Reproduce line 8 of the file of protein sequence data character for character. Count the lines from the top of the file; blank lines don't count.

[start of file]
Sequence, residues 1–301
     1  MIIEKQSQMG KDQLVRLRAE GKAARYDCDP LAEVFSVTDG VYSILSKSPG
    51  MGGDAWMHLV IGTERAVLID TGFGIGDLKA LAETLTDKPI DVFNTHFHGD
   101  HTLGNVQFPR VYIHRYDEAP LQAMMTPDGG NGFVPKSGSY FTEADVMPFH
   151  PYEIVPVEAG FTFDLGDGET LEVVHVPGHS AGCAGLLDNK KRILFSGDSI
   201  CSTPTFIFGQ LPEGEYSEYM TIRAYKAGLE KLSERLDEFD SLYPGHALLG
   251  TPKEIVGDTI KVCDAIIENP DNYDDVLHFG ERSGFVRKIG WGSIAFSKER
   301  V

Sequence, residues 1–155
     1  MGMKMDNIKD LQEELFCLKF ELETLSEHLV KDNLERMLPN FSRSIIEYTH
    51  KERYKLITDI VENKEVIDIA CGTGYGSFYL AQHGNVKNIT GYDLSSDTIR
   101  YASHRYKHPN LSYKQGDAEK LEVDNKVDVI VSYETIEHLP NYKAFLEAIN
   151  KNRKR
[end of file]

   301  V